Philip Norman, John Lennon: The Life (Ecco, 2008)

He was troubled yet brilliant, eccentric yet endearing, maddeningly difficult yet utterly irreplaceable. He was a flawed character -- in particular, his treatment of his first wife and child left quite a bit to be desired -- yet he brightened the world with his music and idealism to an extent that few people of any degree of virtue can approach. He could be bitterly harsh to those closest to him, yet on a public level he possessed a special kind of charisma that graces this planet once in a century, if we're lucky. To say the very least, John Lennon was a man of contradictions. Philip Norman, whose 1981 book Shout! The Beatles in Their Generation is considered by many to be the definitive biography of the Fab Four, decided that Lennon by himself warranted a thorough and objective analysis. He took on the challenge of digging deep into Lennon's life to try to make the many contradictions and complexities understandable to his readers. The result is John Lennon: The Life, a massive volume containing over 800 pages of text and leaving absolutely no stone unturned.

Norman's work is strongest at the very beginning of the story, detailing the elaborate and somewhat bizarre power struggle that played out between John's parents, Alfred and Julia, and Julia's oldest sister Mimi. Alfred is usually dismissed as the father who left when John was young and didn't resurface until after John became famous, but the truth is more complicated. Julia's family never liked Alfred, and when Julia left Alfred for somebody else, Alfred was effectively pushed out of the way. So, eventually, was Julia -- to make a long story short, Mimi found her too irresponsible and took John off her hands. Mimi was a very controlling figure, at least on the surface, but she had her own secrets, and her determination to raise John to be a proper, respectable middle-class Englishman didn't quite work out the way she planned. The free-spirited Julia still saw John regularly, and encouraged his interest in music as much as Mimi discouraged it. But Julia's tragic death when John was 17 left a scar that would affect everything John did afterwards.

The book goes on to describe the Liverpool rock scene, in which The Beatles were initially very minor players. I knew that their trips to Hamburg played a pivotal role in their development, but Norman makes it clear that The Beatles were really nobodies before their first German excursion, and that everything changed for them in Liverpool on their return. As for the rest of The Beatles' story, I would imagine that anybody interested enough in John Lennon to read an 800-page book on him already knows the details. Norman comments on John's musical contributions, and dwells on his complicated relationship with manager Brian Epstein (yes, John had complicated relationships with a lot of different people), but doesn't really add anything new here. The side story of John's lack of fidelity and genuine love for his first wife Cynthia and indifference towards his son Julian makes for more revealing, if somewhat disheartening, reading.

Of course, the most important figure by far in the last twelve years of Lennon's life was Yoko Ono. Again, Norman reveals that the story of John and Yoko's romance is not as simple as it's generally made out to be. If anything, John was overly controlling of Yoko; it certainly wasn't the other way around. Norman gives Yoko a rare and refreshing sympathetic treatment. She was an avant-garde artist with a sense of the bizarre and whacky that meshed perfectly with John's. While John never wanted Cynthia around when he was busy being a Beatle, he insisted that Yoko never leave his side. The low points in the relationship get aired out in the book as well. Even though John did love her, it would never be easy being his wife, and the pressure from that (and the constant spiteful accusations of breaking up The Beatles that regrettably continue to this day) caused Yoko to send John away in 1973. For all of John's misadventures during the "Lost Weekend" that took up most of 1974 (Norman goes over a few), John remained determined to win Yoko back, and eventually succeeded. Their reunion was followed by the birth of Sean, and then by John obtaining his American citizenship after the government had tried for years to get him thrown out of the country.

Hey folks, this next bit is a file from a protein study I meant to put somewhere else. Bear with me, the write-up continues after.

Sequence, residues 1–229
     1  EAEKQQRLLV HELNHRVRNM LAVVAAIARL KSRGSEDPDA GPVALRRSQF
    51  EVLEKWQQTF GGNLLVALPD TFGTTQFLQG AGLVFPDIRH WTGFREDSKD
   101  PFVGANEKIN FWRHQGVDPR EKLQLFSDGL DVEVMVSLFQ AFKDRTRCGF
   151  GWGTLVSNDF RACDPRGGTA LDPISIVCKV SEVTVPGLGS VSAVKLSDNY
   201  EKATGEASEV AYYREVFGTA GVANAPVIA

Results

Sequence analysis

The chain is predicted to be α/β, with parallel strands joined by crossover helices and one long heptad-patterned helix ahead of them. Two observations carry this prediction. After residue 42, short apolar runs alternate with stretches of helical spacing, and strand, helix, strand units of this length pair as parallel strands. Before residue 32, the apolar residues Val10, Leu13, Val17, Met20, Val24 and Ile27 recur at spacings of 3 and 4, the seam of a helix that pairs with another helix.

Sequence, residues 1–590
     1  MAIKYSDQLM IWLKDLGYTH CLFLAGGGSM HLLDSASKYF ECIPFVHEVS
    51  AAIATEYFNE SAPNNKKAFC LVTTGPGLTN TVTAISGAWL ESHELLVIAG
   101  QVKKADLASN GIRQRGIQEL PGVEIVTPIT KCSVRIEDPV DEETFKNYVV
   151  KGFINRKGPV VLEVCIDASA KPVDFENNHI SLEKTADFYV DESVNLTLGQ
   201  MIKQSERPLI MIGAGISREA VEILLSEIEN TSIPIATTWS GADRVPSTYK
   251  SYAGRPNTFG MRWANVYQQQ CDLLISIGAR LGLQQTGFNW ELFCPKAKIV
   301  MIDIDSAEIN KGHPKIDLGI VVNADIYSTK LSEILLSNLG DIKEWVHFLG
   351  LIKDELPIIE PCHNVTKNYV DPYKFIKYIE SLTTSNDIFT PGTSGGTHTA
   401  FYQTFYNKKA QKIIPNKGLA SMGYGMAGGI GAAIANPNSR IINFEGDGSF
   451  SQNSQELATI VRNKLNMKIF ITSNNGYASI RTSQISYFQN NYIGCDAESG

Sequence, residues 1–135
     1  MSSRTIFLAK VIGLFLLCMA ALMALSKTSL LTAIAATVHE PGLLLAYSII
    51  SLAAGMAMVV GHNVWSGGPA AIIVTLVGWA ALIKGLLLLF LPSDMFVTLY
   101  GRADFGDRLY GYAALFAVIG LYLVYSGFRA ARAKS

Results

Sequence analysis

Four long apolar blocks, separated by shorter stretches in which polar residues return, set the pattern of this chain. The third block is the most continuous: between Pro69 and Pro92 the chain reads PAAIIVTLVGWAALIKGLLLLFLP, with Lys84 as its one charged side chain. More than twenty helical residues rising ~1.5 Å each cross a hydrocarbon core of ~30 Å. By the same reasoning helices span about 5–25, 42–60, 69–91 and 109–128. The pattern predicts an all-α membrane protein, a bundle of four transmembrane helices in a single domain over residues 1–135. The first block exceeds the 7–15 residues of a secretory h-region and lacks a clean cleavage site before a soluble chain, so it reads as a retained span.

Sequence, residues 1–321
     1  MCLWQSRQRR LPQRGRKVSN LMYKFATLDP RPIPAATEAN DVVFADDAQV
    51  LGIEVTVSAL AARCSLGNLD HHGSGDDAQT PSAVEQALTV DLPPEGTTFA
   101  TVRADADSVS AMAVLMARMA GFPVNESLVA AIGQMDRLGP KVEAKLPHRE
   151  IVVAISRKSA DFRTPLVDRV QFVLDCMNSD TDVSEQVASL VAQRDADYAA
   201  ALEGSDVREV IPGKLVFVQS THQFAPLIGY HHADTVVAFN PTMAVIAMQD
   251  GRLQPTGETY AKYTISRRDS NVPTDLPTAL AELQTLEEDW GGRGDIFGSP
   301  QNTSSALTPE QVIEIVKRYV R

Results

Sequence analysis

Things may not have been absolutely perfect at the Dakota for the next five years, but John was happy and at peace with himself for the first time in his life. Unfortunately, we all know how the story ends.

I know that Yoko ultimately distanced herself from the book, feeling that Norman had been mean to John. One one hand, I can see why she feels that way; while it was necessary for Norman to tell the story warts and all, he did discuss some of the warts in microscopic detail. But at the same time, I feel that the book is ultimately sympathetic, as Norman intends it to be taken. My biggest criticism would be with Norman's frequent analyses of Lennon's songs. I agreed with him sometimes and disagreed with him other times, which is fine, but Norman injected too much of his subjective opinions into the book at places where a more detached tone would have better served.

Having said that, I found John Lennon: The Life on the whole to be very engrossing and compelling. Sure, the size of the book will scare away some readers with only a casual interest in the subject matter, but if you want to know everything there is to know about John Lennon, Philip Norman's book is the one to read.

Overall grade: A-

reviewed by Scott

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